On Being An Unreliable Source of Information For Yourself
The other day, Silicon Valley Bank ran into some problems of the bank-run sort; Peter Thiel told all of the people who listen to him about things to pull their money out, and the way banks work is if even a surprisingly small amount of people do that, they run out of money to honor deposits with. Once Theil’s people pulled out, other people panicked and pulled out, and it got to be an entire thing.
I guess it’s all resolved now, but it wasn’t when I initially ran into the story while on a trip to see a bunch of people I know from online stuff. I sat in a hotel room in the short time frame between a quick shower and going back out to be social, going through a thought process that looked a little like this:
There’s a good chance the company I work for (which is a startup, in the very broad sense “start-up” is used these days) banks there
If this goes poorly, they might lose access to the VC money they use to operate
I’m probably sort of a luxury employee
1-3 should be best defined at the direst end of their probability scale - i.e. I feel like the worst-case scenario on each is absolutely true
I’m definitely getting fired when I get into work on Monday, my life will fall apart, and I will die alone, remembered only as history’s greatest monster
If that point-to-point sweep seems a little extreme, I agree; I’ve even written about it before. To save you time on reading that article, incidents like the SVB bank run are basically running over an all-the-time mental framework that follows the same basic pattern:
I have a job that pays well
This is unusual
I’m not sure my skills are good enough and diverse enough to maintain that
It is thus completely sure that any day now someone is going to start a Slack huddle to explain that they have realized I suck and am getting fired
I will not get severance or be able to replace my income, my life will fall apart, and I will die alone hiding from the allies in Argentina.
If the extreme negativity and the fact that I’m still employed don’t tip you off, this isn’t exactly a process that’s taking place in the most academic, well-reasoned part of my brain. We don’t say “crazy” anymore, but essentially I’m a little bit crazy about things that revolve around feeling secure - I’m afraid of things like cars breaking down, job loss, and subsequent under-performance when finding a new gig in maximally dark ways that don’t track reality.
But, crucially, I know this. I’m aware I’m like this - so why not fix it?
During the trip, multiple people asked me how my job stuff was going, and I carefully explained that I’m probably the worst person on Earth to ask about it - since I interpret everything negatively, that means I want to say “I’m getting fired tomorrow for taking a day off”. But at the same time, it’s not like understanding that I’ve interpreted something wrong automatically feeds me the right interpretation, either.
So I ended up telling them something like “I would not be surprised if a year or so from now I was at the same company, and I would be equally unsurprised to find I didn’t have a job Monday.” I think they mostly recognized this for what it was (an unsatisfying and uninformative hedge), but it’s sort of the first step in managing the madness; I have to acknowledge that I’m not a good source of information. I lie to myself.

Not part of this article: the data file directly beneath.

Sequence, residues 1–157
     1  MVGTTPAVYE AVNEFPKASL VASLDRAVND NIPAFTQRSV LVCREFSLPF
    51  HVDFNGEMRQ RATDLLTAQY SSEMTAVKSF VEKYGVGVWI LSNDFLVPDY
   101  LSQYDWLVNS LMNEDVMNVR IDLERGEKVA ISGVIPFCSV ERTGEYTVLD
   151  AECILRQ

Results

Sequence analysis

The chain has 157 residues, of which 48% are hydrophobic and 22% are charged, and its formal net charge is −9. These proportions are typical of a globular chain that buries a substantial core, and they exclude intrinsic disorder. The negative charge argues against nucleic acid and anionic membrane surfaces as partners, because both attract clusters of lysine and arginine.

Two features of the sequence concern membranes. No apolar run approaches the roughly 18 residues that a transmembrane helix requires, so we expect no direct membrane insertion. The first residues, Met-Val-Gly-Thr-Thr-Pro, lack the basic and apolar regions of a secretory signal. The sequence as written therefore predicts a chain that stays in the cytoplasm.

There’s a pop psychologist named Dr. Drew who works with Adam Carolla a lot, and who used to run a show called Loveline. I’m not sure how legit he is, but I once heard him talking to a woman who had frequently fallen in with mildly-to-moderately abusive men and overall had bad luck in relationships. She asked what she could do to find men who weren’t the absolute worst, and he said something that I remember like this:
Giving you advice on “how to find the right man” is hard, but it’s easy to tell you how to not find a really bad man: don’t trust your instincts at all. Your history means that you are a perfectly calibrated instrument, but that you are perfectly calibrated to get excited about guys that are going to treat you poorly and make you unhappy.
So when you meet a guy and find yourself thrilled with him, the first step is to realize that means he’s bad and do anything else besides get involved with him.
My signals are not as clear as that woman’s, in that any of my impressions of doom might be true, but the actions I want to take based on them are broadly counterproductive - they fall into the “just quit, it’s not like it’s going to last anyway” realm of things. And while I can’t rule out that “quit and find something different” might end up being a great choice, I know that I’d be making it semi-randomly and avoid it until better evidence I should do that emerges.
What I end up doing is something like an iterative chain of bet-hedging. I try to perform as well as I can at my job while sort of keeping half an eye on the market for skilled writing, but not so much that I’m actively looking for jobs in a way that would upset my current one. I show up for work and do the best I can, I write “don’t freak out” in big letters on top of everything my brain is trying to do, and I plow through.
In general, I basically acknowledge that in a purely me-communicating-with-me sense, I have a long history of being a horrifically unreliable liar, and I treat me-to-me messaging accordingly.
One of the things that happens when you are very visibly weird is that people who suspect they have unusual or unacceptable problems seek you out to talk about them, hoping you might give them advice that doesn’t boil down to “you are a monster for being sad in a particular way”. This is particularly true for things you write about a lot, and I write about marriage a lot and end up giving a lot of marriage advice.